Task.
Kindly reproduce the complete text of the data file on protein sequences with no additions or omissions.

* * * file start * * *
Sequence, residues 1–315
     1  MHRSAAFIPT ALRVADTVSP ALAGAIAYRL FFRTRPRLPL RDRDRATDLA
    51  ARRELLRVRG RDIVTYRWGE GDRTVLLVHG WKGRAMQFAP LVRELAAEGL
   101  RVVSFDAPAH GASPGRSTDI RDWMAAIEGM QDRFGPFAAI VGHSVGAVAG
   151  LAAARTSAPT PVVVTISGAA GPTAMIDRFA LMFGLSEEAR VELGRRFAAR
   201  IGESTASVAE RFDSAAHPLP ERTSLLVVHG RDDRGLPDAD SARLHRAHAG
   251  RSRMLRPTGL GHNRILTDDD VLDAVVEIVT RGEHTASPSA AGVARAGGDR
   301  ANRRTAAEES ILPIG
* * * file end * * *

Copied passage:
Sequence, residues 1–315
     1  MHRSAAFIPT ALRVADTVSP ALAGAIAYRL FFRTRPRLPL RDRDRATDLA
    51  ARRELLRVRG RDIVTYRWGE GDRTVLLVHG WKGRAMQFAP LVRELAAEGL
   101  RVVSFDAPAH GASPGRSTDI RDWMAAIEGM QDRFGPFAAI VGHSVGAVAG
   151  LAAARTSAPT PVVVTISGAA GPTAMIDRFA LMFGLSEEAR VELGRRFAAR
   201  IGESTASVAE RFDSAAHPLP ERTSLLVVHG RDDRGLPDAD SARLHRAHAG
   251  RSRMLRPTGL GHNRILTDDD VLDAVVEIVT RGEHTASPSA AGVARAGGDR
   301  ANRRTAAEES ILPIG